We told you Friday about the bald eagle living in Ivanhoe Village right where a development called The Yard is about to begin construction.
We reached out to two officials for comment.
Matt Smith, Eagle Watch Coordinator at Audubon Florida (Website) told us that the bird is definitely an eagle and the nest is definitely an eagle's nest.
He says nesting season is Oct 1 - May 15, so there's potential that nesting activity is occurring in the nest.
Michelle Vandeventer, Florida Fish and Wildlife Conservation Commission (Website) Eagle Biologist, was told about the eagle and its nest last Thursday. She works out of Sarasota and wanted to know if the eagles were nesting or perching as well.
It's an important distinction:
- If nesting - FWC (Florida Fish and Wildlife Conservation Commission) is going to document it. If something prevents the eggs from incubating, that's a potential violation of the eagle rule. It's nesting season, so it's possible the nesting is occurring.
- If perching - Eagle regulations don't apply to perching.
Vandeveter contacted Ulgonda Kirkpatrick, the US Fish and Wildlife Southeast Regional Eagle Biologist, to go to the nest to look at it. Kirkpatrick works in Orlando. Her position covers 4 states. As of Monday she has not given word if she's gone to the nest or not.
How will she determine the different between nesting and perching? If they're nesting you'll see:
- two eagles present: a male and female
- the eagles bringing in nest material
- the eagles getting into the nest, arranging it, lining it
- incubating, which has a distinct physical trait
- feeding their young
She also said she had no comment on the City of Orlando's "Urbanized Disturbed Land" designation meant that the developers weren't required to do an Environmental Assessment.
Audubon Florida was unaware the designation even existed.
"I would think that would be part of an assessment they would need to do, to include how it would impact wildlife in the area," says Smith.
City of Orlando's "Urbanized Disturbed Land"
- If the developers follow the FWC's advice and the eagle still leaves the nest, the developers won't be held accountable.
- If they don't take FWC's advice and act as if the nest isn't there, then the developers open themselves up to a prosecution based on Florida's Bald Eagle Rule.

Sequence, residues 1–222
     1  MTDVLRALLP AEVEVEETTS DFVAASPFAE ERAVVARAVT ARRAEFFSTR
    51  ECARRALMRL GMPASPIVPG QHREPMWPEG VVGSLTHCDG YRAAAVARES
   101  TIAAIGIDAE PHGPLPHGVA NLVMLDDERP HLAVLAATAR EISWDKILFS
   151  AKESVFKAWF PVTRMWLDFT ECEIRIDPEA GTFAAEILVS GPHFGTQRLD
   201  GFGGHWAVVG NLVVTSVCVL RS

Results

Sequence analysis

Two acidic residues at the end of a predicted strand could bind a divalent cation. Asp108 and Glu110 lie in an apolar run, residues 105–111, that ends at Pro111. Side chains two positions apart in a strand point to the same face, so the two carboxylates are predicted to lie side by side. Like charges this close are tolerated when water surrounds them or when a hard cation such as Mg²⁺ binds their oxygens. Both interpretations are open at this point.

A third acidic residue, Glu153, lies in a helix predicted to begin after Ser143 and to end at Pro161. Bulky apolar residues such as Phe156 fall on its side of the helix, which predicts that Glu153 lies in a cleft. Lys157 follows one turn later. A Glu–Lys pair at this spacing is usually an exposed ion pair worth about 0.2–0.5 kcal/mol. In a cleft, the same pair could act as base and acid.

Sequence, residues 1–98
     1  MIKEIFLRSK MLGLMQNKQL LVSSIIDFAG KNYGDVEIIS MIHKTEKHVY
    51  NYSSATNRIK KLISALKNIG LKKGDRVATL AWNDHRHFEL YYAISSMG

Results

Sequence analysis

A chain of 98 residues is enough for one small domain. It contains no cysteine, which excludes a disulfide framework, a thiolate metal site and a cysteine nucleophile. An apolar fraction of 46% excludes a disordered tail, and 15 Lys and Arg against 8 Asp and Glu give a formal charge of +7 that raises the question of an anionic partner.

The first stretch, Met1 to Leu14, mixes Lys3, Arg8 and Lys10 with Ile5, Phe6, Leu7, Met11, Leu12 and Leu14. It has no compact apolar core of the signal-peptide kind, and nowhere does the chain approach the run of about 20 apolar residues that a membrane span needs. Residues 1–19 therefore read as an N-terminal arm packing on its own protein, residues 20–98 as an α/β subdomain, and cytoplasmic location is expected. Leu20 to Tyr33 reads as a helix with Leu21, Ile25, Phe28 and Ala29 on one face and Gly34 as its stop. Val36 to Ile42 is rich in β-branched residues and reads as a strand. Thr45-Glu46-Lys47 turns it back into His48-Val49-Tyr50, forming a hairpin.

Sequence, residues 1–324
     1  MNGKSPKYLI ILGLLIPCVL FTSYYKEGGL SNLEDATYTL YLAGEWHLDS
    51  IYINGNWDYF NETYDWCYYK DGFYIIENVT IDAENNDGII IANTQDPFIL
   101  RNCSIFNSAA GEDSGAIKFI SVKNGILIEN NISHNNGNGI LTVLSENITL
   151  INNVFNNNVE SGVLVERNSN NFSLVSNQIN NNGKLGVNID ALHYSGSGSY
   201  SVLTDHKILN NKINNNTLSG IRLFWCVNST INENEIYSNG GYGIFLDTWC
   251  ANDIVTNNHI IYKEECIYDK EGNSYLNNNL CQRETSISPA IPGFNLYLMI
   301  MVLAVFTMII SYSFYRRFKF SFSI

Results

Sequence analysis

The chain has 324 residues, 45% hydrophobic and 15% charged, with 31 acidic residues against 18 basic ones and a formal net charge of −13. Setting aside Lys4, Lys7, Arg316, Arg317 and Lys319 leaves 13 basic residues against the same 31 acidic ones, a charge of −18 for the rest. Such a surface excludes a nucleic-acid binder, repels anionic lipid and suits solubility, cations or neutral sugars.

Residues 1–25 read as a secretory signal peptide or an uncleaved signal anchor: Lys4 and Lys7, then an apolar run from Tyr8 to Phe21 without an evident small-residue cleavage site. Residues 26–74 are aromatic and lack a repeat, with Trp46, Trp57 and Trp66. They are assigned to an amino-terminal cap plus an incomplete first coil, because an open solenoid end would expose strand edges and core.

- If they don't follow the advice given by FWC, and if they don't have a permit, so long as the eagles aren't disturbed and continue to use that tower to nest there, then the developers haven't broken any laws.
FWC will not have a staff member on site, so how does the FWC observe the construction to ensure the nest isn't disturbed?
- If construction is within 660 feet of the nest, the developer is often required to have an environmental or biological consultant present observing the birds to detect any signs of disturbance. The onus, according to Smith, is on the expert to stop the work if disturbance occurs.
- If the developer doesn't get an expert to observe the nest, FWC is dependent on Audubon volunteers or concerned citizens. "(The FWC) can't be everywhere," Smith says. Audubon will have a volunteer present while the construction is going on, though not every day.
- If citizens see some nest disturbance or nest abandonment or what they think is a wildlife disturbance: call FWC wildlife alert hotline: 888-404-3922. FWC wildlife law enforcement will examine the situation.
- FWC: Eagles make new nests all the time says Smith. If it's not in an area FWC is surveying, they wouldn't find it. Each section of the state gets surveyed every three years.
- Audubon Florida: Audubon's information is based on FWC's information. That's where their nest database starts. Audubon Florida goes out on their own and finds and reports new nests every year and pass that information on to FWC.
According to Vandeveter, 85% of bald eagles nests are on natural structures.